Remembering Our Past and Building a Safer Future
Known in Canada as the National Day of Mourning and in over 100 countries worldwide as Workers’ Memorial Day, April 28th is the day of remembrance for workers killed, injured or suffered illness as a result of workplace hazards or incidents.
In 2016, 904 workers died and another 240,682 workers were severely injured.
This is a steep increase from the previous year of 852 workers and 232,629 respectively, according to the Association of Workers’ Compensation Boards of Canada.
This day serves to remember these workers and countless other, it also serves as an opportunity to raise awareness about workplace safety.
This is also an occasion for businesses to renew their commitment to improving health and safety and prevent further deaths, injuries and diseases.
“The Anonymity of Prevention monument. Part of the art piece ‘The 100 Workers Monument’ in Toronto, Canada“
The History of Safety:
We’ve covered the history of safety on the site before and identified key moments that shaped the modern workplace.
From the Rule of Eight to the fire that lead to the creation of the American Society of Safety Engineers (ASSE).
The National Day of Mourning is tied to Workers’ Memorial Day in America.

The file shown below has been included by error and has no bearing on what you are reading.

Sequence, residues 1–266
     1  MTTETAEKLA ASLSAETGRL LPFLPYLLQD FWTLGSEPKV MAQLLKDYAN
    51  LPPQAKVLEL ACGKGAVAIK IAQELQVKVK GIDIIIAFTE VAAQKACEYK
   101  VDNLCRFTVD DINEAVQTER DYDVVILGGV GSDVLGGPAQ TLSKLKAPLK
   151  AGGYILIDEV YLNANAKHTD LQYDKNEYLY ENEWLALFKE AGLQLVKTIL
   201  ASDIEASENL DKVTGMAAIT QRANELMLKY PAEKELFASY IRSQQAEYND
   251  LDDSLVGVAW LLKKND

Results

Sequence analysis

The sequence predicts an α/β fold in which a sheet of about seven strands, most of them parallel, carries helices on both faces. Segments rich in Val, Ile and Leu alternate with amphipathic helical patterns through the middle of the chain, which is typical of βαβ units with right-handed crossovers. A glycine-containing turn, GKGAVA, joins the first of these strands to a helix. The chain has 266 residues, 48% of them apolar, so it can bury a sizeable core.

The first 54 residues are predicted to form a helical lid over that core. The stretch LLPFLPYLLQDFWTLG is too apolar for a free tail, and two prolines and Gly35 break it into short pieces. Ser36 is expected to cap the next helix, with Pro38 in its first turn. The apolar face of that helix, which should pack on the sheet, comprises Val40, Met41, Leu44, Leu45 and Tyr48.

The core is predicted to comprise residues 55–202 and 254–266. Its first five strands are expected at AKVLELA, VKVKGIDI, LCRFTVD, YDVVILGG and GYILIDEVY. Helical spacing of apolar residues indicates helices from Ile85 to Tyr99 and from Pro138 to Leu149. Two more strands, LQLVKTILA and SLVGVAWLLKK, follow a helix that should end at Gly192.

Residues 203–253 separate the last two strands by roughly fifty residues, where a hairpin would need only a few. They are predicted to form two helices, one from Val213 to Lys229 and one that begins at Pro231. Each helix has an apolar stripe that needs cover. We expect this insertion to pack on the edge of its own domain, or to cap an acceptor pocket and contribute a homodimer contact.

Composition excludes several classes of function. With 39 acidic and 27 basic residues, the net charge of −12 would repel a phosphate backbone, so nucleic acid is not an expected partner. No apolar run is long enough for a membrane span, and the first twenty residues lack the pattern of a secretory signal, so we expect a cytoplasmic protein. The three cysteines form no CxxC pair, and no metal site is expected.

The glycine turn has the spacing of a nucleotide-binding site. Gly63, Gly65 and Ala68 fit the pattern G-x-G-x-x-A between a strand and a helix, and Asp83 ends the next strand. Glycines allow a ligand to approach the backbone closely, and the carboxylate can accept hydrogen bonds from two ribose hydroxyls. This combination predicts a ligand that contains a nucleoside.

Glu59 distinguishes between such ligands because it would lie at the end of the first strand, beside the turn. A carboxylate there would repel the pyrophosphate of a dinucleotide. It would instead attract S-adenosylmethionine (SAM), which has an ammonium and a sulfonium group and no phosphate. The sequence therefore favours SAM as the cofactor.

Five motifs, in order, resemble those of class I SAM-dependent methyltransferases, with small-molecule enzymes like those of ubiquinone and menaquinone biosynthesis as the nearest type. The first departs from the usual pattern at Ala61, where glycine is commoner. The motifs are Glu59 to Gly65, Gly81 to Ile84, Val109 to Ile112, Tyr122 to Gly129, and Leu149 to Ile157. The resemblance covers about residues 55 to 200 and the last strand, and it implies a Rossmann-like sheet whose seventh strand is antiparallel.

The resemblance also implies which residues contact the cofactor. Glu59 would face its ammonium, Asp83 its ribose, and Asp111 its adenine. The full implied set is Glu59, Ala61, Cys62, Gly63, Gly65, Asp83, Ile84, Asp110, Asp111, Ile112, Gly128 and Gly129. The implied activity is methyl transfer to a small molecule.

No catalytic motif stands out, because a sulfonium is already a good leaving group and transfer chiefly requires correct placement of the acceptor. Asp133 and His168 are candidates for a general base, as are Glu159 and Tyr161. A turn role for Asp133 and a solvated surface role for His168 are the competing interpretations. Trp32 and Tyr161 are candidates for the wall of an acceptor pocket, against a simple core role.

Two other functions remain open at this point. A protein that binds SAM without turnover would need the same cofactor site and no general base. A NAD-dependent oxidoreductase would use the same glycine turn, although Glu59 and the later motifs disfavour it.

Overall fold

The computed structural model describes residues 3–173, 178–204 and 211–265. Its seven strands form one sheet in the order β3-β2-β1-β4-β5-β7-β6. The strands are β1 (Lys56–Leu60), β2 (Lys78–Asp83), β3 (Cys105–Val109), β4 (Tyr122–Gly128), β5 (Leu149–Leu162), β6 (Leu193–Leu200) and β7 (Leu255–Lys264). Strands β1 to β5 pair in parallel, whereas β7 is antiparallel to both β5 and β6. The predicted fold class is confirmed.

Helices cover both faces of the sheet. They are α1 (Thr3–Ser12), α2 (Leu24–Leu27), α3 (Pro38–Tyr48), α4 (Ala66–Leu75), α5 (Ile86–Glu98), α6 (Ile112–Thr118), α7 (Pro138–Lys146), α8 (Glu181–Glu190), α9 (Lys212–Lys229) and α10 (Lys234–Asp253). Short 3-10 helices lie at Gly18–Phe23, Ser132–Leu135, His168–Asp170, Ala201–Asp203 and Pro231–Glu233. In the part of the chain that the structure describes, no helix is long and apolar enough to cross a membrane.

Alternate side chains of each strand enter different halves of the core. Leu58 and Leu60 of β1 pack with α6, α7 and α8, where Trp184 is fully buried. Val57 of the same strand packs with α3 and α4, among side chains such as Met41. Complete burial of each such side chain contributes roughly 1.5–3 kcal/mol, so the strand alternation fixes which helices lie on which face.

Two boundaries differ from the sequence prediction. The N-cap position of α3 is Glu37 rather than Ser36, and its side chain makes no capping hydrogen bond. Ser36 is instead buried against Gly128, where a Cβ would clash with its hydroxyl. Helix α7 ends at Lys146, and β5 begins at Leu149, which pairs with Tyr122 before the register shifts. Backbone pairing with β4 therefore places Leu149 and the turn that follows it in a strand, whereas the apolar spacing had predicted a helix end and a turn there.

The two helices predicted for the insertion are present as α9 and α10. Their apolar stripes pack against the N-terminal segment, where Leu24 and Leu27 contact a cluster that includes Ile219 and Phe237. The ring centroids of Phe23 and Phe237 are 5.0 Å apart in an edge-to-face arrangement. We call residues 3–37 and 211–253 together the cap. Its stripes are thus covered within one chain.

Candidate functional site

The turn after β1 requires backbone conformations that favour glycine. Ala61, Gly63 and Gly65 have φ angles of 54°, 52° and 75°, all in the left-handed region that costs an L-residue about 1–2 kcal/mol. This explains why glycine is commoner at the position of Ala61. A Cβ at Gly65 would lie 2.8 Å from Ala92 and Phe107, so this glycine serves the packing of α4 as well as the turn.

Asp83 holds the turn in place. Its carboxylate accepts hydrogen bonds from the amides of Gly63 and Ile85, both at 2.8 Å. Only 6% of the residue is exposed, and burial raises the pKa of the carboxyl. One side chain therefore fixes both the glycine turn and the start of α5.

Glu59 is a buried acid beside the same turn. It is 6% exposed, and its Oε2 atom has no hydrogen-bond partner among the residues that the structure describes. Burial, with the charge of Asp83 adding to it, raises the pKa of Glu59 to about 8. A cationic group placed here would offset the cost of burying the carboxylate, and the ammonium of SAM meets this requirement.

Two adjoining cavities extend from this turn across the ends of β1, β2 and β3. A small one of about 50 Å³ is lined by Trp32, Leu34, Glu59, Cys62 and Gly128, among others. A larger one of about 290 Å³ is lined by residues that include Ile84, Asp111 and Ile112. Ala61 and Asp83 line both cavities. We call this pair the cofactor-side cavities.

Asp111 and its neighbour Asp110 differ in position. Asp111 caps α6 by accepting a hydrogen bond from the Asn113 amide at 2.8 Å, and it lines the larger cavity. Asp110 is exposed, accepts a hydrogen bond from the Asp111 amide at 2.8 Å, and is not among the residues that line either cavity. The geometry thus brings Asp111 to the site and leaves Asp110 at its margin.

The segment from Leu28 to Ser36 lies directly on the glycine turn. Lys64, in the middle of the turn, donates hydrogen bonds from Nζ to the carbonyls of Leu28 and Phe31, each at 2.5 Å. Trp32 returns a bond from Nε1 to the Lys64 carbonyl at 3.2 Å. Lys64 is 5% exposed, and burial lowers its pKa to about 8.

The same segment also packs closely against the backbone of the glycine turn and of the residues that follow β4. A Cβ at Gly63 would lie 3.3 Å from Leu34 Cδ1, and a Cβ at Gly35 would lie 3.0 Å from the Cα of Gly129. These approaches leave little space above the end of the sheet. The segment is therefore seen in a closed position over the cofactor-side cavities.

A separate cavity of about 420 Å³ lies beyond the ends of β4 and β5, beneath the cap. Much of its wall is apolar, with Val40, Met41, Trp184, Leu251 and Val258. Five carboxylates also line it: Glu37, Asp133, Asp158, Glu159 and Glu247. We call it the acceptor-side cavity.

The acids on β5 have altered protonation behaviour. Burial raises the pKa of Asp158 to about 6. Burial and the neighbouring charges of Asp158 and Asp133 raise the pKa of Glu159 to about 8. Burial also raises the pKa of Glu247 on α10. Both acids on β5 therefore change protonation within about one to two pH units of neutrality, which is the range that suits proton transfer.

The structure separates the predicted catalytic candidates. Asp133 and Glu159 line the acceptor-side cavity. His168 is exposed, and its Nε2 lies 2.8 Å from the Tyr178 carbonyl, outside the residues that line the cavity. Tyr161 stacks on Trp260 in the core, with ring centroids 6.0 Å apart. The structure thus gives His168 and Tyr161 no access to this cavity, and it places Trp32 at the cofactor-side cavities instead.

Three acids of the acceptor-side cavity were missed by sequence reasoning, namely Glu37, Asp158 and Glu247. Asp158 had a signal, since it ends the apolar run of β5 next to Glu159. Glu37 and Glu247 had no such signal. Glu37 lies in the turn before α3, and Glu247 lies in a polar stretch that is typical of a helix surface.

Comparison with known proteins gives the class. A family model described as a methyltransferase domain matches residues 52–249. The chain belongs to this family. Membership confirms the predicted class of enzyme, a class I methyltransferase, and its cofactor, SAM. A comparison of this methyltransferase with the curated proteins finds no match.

April 28th was chosen in Canada by the Canadian Labour Congress in 1984. The date would coincide with the 70th anniversary of the day the Ontario Worker’s Compensation Act was approved by the government in 1914.
The day became an official national observation in 1991.
An Opportunity for Education:
Young workers are the most vulnerable group for injury in the workplace. One third of all workplace injuries happen to workers aged 15 to 24 and males are twice as likely to be injured on-the-job than female workers.
April 28th can serve as an inspiration for employers to review workplace safety policies, improve safety culture, implement regular training for full-time and senior workers and increase training for new, casual and young workers with the goal of zero workplace accidents.
There are observances across Canada and federal government buildings will be flying their flags at half-mast from sunrise to sunset.
Workers and employers can observe the day in numerous ways including lighting candles, donning black ribbons and armbands and reflecting with a moment of silence at 11 am.
On the National Day of Mourning we should be remembering, as the Anonymity of Prevention monument in Toronto, Canada says “our past and building a safer future.”
Visit www.wsibdayofmourning.ca for toolkits, resources and events in your area.